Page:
The 2013 chemical weapons attack in Syria, is regarded as the first major case of chemical weapons use since 1988— when Iraq used the weapons against Iran during the Iran-Iraq War. According to US reports, the Syrian government has used banned chemical weapons at least 50 times in the last seven years. While it took longer for Western powers like the US, France and UK to build consensus on initiating military action against Syria, imposing authorization on the other hand was relatively prompt. So far, the US, and France, among others, have imposed a number of authorization against individuals and businesses suspected of aiding the Syrian government in developing and using weapons of mass destruction. In the last few years, while the US has found the United Nations’ (UN) efforts to punish Syria wanting, France has led significant initiatives against the West Asian state — Often involving authorization.
On January 23, 2018 the French Foreign Ministry hosted an initiative titled the ‘International Partnership Against Impunity for the Use of Chemical Weapons’ securing the support of the European Union (EU), and several states including the US, UK, Australia, Canada, France, Germany, Japan, and Turkey. The measures agreed on included, using “relevant mechanisms to designate individuals, entities, groups and governments involved in the proliferation of chemical weapons for authorization.” The measure also urged states to use their domestic criminal law to penalise states that use chemical weapons. Hence calling for unilateral authorization. While the EU has imposed authorization or ‘restrictive measures’ against Syria — as of March 2018, the count being 261 persons and 61 entities, resolutions calling for authorization have been vetoed in the UN. Garnering support in the UN to impose authorization against Syria has been tough for the Western powers as Russia and China have been uncooperative.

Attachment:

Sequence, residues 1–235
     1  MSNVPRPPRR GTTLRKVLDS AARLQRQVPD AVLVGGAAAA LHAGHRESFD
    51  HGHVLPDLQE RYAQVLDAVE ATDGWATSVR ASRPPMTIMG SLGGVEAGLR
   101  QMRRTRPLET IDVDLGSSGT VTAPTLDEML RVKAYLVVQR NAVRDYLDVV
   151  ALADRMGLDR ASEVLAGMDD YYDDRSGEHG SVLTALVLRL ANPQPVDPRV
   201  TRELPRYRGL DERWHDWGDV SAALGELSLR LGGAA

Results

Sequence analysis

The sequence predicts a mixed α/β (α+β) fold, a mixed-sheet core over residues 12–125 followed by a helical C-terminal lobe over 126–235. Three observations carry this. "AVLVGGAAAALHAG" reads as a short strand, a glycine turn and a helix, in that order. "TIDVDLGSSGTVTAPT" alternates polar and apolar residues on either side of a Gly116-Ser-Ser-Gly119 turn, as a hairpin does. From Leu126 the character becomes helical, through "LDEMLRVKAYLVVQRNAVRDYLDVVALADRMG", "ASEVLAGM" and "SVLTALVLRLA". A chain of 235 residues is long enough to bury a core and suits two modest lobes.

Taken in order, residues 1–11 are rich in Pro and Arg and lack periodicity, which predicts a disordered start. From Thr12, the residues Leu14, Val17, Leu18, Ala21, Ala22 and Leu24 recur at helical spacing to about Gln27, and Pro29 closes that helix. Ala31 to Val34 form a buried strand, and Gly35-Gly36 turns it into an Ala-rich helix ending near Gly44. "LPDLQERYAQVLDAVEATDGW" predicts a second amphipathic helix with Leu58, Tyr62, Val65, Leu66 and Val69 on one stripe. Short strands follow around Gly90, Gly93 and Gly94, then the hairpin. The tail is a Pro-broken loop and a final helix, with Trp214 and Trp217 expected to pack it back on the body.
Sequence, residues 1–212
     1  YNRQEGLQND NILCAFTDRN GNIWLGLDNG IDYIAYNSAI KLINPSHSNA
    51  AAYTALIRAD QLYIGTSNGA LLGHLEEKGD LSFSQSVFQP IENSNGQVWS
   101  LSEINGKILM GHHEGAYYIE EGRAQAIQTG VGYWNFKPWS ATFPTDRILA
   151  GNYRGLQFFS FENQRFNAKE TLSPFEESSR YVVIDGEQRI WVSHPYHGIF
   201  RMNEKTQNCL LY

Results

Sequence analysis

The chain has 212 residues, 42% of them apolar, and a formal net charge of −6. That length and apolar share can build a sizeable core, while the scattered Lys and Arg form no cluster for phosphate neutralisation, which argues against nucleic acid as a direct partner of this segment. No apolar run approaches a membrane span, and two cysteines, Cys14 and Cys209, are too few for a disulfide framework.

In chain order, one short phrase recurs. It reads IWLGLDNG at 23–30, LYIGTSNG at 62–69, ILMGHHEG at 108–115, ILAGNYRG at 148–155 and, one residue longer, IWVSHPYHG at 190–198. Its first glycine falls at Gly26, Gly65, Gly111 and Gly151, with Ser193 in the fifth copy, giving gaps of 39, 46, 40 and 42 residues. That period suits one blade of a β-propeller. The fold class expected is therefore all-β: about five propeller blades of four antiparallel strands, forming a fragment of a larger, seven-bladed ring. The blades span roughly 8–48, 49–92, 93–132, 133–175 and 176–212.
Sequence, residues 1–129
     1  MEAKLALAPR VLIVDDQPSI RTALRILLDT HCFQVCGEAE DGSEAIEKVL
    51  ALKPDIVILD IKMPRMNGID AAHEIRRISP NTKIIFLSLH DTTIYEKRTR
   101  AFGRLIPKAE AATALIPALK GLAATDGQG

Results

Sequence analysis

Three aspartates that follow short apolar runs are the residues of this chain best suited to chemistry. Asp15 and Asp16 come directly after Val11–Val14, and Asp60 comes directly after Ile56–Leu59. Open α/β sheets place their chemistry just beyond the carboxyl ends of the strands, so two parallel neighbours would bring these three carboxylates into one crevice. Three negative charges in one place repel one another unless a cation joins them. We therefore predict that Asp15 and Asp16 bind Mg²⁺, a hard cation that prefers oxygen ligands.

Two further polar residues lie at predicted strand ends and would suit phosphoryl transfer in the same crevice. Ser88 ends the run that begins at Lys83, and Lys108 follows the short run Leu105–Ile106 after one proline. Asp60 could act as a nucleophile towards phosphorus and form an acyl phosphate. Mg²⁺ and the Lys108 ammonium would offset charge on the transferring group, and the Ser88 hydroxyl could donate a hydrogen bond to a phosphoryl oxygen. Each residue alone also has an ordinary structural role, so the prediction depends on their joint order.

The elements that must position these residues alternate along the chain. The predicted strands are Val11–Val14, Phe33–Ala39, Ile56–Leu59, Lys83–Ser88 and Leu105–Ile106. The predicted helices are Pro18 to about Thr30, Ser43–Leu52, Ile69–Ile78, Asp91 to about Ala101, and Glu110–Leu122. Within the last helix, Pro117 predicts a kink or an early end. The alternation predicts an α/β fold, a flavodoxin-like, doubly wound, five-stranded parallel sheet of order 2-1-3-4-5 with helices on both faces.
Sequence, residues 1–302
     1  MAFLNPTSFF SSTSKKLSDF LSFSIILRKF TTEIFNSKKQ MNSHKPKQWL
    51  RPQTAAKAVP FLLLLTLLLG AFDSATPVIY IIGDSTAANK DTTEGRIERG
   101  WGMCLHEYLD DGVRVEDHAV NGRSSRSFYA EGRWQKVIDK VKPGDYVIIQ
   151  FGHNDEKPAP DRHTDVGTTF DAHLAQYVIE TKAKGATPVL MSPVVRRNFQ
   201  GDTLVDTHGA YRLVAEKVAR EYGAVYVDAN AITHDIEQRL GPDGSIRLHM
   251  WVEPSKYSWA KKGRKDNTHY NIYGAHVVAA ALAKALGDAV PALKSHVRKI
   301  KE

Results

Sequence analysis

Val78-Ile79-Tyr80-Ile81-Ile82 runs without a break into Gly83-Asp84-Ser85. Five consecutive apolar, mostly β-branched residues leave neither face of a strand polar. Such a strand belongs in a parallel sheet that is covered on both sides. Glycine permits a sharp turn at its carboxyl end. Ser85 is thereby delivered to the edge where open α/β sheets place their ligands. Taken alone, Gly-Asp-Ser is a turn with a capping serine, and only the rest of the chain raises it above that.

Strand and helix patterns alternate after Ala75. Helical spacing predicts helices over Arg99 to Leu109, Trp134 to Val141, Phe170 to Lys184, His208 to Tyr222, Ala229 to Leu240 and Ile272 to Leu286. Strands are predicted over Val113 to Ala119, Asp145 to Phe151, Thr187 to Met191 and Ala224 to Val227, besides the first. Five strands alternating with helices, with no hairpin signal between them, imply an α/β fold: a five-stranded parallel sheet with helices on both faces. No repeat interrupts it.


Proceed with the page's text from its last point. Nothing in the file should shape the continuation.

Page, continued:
In February 2017, Russia and China vetoed a resolution drafted by France, Britain and the United States. As Russia said that authorization would harm the forthcoming peace talks between the sparring Syrian parties, China’s UN Ambassador, Liu Jieyi believed that the time was not appropriate to initiate action. Meanwhile, discussions at forums like BRICS were more layered, with two dissenting UN members in the group, its response to the Syrian case was dubbed as “balanced.” As the recent cases elucidate, the use of authorization to impede the spread and development of weapons of mass destruction has increased.
However, the aversion of the non-Western states to use authorization should also be acknowledged. While states like India, have taken a stance against the development and proliferation of chemical and biological weapons, they have been sceptical about the use of authorization, particularly unilateral.
Nevertheless, it seems unlikely that the West’s use of authorization would abate and in the future economic authorization will be profusely, if not always effectively, be used to check development and proliferation of chemical and biological weapons.